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The Photo Drama of Creation - Charles Taze Russell

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The truth behind the longest films in history
The Photo-Drama of Creation

Movies opened up new possibilities for spreading information. Religious leaders quickly realized that they could get their messages out way faster through movies. One of the first religious movies, and the most spectacular, came from the Jehovah's Witnesses, who thought people wanted to watch 8 hour-long films.

Created by Charles T. Russell in 1914, The Photo-Drama Of Creation was a pseudo-documentary designed to fight atheism, unbelief, and "evil science." It was actually a series of 96 lectures, shown back-to-back. They followed the Jehovah Witnesses' view on history, starting with Earth's creation, and ending with the 1,000 year reign of Jesus Christ. The film itself was two miles long, projected next to a slide show of 500 slides, meaning some poor sap had to sit through the 8 hour affair, switching out all those slides.

Maybe the idea itself was kooky, but The Photo-Drama Of Creation was an important step in the history of film, being the first major motion picture to use speech synchronized to film. Pretty much all of our modern movies can trace their roots back to this oddball. And guess what? It has been uploaded to YouTube. All 96 parts.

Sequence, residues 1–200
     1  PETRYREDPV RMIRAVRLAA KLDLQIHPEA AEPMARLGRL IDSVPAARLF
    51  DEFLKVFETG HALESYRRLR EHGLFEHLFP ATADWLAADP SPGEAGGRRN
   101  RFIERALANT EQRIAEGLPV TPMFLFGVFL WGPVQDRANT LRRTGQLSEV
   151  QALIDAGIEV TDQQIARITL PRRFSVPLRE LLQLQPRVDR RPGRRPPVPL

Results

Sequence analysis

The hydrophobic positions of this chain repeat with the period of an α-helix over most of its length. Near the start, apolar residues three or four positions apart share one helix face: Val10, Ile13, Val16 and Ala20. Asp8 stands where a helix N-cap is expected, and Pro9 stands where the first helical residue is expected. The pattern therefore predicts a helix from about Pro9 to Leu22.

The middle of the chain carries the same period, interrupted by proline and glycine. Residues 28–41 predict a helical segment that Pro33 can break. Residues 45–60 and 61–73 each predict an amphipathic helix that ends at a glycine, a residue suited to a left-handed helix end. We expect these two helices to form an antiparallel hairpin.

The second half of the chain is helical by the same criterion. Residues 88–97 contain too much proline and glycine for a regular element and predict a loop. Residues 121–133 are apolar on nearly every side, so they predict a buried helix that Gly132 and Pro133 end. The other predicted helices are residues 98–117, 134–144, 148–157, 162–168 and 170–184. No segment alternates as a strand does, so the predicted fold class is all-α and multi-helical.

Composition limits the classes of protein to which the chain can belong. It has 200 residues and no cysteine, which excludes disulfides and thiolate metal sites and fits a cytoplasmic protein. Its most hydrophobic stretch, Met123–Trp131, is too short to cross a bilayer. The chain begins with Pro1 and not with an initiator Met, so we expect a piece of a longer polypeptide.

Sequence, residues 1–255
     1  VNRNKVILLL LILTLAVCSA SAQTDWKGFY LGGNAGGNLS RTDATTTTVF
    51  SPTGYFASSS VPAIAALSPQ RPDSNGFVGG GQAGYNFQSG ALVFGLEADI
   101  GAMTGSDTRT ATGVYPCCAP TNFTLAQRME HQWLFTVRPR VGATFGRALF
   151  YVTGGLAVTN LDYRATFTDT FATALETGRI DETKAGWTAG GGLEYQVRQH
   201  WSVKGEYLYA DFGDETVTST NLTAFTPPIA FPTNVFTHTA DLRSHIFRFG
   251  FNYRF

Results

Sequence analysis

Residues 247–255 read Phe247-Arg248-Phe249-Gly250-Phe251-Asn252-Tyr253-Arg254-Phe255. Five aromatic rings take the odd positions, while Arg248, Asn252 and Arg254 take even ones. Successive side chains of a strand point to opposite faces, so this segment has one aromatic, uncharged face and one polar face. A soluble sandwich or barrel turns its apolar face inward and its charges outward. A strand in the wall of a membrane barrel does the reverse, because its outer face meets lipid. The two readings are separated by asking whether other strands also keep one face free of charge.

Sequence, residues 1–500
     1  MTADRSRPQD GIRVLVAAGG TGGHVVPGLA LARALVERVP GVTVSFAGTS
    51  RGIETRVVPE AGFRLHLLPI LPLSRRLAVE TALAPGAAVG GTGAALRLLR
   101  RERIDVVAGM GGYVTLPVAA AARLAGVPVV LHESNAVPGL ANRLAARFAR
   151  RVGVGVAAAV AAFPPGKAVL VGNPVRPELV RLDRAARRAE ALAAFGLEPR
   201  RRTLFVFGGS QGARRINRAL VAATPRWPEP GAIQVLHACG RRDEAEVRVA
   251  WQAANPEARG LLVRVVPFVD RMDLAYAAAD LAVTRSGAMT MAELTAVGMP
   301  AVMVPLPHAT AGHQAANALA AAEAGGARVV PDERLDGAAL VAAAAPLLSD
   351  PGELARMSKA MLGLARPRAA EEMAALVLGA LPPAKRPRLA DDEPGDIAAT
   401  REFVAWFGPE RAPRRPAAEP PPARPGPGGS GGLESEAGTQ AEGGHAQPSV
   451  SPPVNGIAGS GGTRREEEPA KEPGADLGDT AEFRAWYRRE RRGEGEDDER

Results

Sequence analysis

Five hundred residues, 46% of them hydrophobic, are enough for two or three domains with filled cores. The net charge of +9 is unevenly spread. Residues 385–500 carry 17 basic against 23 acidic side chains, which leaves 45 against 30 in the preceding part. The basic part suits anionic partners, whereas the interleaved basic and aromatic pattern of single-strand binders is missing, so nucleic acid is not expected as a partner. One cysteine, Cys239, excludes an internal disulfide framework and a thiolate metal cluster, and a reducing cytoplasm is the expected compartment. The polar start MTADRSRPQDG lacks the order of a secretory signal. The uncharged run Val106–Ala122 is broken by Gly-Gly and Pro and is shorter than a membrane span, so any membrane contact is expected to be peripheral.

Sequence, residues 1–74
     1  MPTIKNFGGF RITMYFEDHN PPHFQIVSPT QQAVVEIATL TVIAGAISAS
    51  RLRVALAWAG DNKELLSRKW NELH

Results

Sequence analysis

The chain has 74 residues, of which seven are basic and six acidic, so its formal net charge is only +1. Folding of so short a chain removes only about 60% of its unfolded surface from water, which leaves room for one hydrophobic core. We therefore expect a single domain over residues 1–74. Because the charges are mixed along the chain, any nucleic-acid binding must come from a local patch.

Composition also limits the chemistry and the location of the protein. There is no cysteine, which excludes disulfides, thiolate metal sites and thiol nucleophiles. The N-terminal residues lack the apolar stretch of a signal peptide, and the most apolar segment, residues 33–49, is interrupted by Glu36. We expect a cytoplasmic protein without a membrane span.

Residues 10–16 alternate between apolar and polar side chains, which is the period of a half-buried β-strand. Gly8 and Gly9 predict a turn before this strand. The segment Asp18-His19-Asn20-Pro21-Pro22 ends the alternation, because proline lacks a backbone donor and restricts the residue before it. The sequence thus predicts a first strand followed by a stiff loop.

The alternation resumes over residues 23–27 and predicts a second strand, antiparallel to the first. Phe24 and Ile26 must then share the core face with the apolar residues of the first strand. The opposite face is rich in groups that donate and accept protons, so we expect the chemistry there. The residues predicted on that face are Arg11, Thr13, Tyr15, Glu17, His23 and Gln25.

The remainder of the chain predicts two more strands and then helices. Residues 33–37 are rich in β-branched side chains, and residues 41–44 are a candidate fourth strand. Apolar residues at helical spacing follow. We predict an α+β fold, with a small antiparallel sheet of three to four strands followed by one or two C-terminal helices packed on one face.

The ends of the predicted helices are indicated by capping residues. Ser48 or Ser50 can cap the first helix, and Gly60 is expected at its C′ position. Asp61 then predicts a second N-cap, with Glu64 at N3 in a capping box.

Hello guest!

The Photo-Drama of Creation (aka the Eureka-Drama in its abbreviated version), a 1912 religious production by Charles Taze Russell through the auspices of the Watchtower Bible and Tract Society (representing the Bible Student Movement), was the first major screenplay which incorporated synchronized sound (recorded speech), moving film, and magic lantern color slides. Since its run-time was 8 hours (480 minutes), the b/w show (with some hand-colored slides), providing a religious survey from the time of Creation to the end of the Millenium (the 1,000 year reign of Jesus Christ), was divided into 4-part sets. Multiple copies of sets were made so that it could conceivably be shown in 80 different locations at the same time. It was introduced at a premiere in January of 1914 in New York, and was later screened that summer in Germany. By the end of the year, it was estimated that 9 million people had seen the production in North America, Europe, and Australia.

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I have one on DVD that seems much better quality than the ones on youtube but I didnt think you could download a video from youtube, how does one do that?

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1 hour ago, bruceq said:

I have one on DVD that seems much better quality than the ones on youtube but I didnt think you could download a video from youtube, how does one do that?

Thats  easy,  bruceq :)  I  always  click  on  share  and  then  on  the  Facebook  button. You  also  can  share  it  to  your  email-address  or  other  social networks  you're  in !

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